There are many people out of the academy who can still be understood as contributors to the field. There are various cases of non-doctorate holders who have come to make contributions to mathematics. Thomas Bayes was a pastor who had come to create a very important construction of probabilities used and talked about from areas disparately far from mathematics like computer science and philosophy. Marjorie Rice was a housewife who came up with a notation for looking at tesselations, and perhaps the most notable amateur mathematician was Pierre de Fermat.
It is a sign of the times of increased instrumental rationality and Mcdonaldisation (look it up) that our developments are limited to the academy. But this is changing somewhat. Philosophy, for instance, is branching out to the bloggosphere. One of the most interesting developments, a movement called Experimental Philosophy (X-phi), debaes their most contraversial tenets on public blogs. A few journals are opening up to public consumption, and a small number of scholars choose only to publish on journals with wide access.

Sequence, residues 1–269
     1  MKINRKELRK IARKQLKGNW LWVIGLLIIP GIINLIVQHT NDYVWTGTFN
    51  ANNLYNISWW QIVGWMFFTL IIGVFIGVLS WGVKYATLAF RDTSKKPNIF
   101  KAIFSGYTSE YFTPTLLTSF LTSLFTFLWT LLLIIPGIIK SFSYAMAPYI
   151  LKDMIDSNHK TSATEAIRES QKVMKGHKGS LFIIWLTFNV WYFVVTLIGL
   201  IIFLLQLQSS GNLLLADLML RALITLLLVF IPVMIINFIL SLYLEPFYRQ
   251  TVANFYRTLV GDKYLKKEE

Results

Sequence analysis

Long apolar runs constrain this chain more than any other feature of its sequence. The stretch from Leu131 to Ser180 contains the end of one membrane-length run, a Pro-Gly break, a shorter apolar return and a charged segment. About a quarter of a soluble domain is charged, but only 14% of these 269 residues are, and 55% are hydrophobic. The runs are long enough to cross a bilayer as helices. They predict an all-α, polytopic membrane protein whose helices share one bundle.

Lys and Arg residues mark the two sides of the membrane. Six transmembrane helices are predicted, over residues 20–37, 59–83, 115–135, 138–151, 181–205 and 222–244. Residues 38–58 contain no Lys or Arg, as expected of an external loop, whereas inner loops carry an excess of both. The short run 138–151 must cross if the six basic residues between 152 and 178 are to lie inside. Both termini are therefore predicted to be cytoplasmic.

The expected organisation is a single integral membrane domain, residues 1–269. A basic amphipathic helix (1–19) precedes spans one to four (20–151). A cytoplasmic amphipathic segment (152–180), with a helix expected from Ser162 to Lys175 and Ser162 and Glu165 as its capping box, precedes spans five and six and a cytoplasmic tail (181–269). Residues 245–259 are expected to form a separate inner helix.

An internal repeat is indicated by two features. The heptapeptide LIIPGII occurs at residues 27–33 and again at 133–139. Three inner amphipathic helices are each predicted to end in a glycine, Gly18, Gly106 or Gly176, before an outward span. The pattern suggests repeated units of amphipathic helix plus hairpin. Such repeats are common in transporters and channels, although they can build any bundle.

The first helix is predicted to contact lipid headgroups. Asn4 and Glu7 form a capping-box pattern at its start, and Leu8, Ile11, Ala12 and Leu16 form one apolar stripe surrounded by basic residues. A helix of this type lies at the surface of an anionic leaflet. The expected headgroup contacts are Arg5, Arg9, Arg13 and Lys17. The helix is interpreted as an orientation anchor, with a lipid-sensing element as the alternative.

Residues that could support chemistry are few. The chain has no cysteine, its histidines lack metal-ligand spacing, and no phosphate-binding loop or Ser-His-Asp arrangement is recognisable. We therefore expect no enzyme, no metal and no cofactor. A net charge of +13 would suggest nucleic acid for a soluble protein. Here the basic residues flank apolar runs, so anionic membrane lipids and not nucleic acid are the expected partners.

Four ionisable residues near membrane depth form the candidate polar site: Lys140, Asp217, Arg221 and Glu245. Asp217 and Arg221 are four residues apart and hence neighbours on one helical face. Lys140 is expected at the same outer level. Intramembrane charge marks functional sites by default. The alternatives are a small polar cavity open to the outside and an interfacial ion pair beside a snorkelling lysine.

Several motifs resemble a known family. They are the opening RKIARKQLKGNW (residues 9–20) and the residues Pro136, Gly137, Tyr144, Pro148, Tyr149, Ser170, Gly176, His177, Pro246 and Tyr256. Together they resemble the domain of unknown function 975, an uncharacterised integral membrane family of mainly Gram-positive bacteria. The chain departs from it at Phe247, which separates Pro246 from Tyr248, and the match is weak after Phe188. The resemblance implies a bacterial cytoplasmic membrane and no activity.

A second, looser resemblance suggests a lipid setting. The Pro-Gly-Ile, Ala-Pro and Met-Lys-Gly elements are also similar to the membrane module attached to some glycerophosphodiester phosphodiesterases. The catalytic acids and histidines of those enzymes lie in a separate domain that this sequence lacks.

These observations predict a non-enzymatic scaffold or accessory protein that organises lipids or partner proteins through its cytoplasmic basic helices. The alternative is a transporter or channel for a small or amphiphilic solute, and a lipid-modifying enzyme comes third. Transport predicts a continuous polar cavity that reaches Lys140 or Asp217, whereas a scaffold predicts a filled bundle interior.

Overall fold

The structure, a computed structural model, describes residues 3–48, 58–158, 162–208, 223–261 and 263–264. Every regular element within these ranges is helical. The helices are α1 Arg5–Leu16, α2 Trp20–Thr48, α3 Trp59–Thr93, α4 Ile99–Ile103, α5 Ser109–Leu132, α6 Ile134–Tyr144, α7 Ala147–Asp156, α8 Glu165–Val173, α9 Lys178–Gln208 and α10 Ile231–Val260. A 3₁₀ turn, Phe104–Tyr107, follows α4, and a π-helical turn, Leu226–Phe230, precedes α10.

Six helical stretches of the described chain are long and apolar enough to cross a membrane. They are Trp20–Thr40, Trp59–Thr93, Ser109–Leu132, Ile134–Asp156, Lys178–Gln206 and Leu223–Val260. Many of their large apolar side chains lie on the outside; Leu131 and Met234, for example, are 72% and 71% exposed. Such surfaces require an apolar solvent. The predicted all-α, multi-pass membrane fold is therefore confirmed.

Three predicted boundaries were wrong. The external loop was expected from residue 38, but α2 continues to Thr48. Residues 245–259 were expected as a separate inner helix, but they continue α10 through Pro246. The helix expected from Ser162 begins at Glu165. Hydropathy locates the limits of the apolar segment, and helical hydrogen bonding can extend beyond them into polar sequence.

Incentives like the Gutenberg project, wikibooks, and Jonathan Bennett’s historical translations, open up scholarship and very serious learning to those who seek it out. Let us not forget that Frege, during his own tenure, was too poor to purchase Russell’s Principia Mathematica, such that the latter had to hand-write whole passages of the work.
We should remember two things. One, our current organisation of learning has only being such for a short period of time in the history of the intellect. Two, our conception of learning and structures beneath it, are not the only way to be.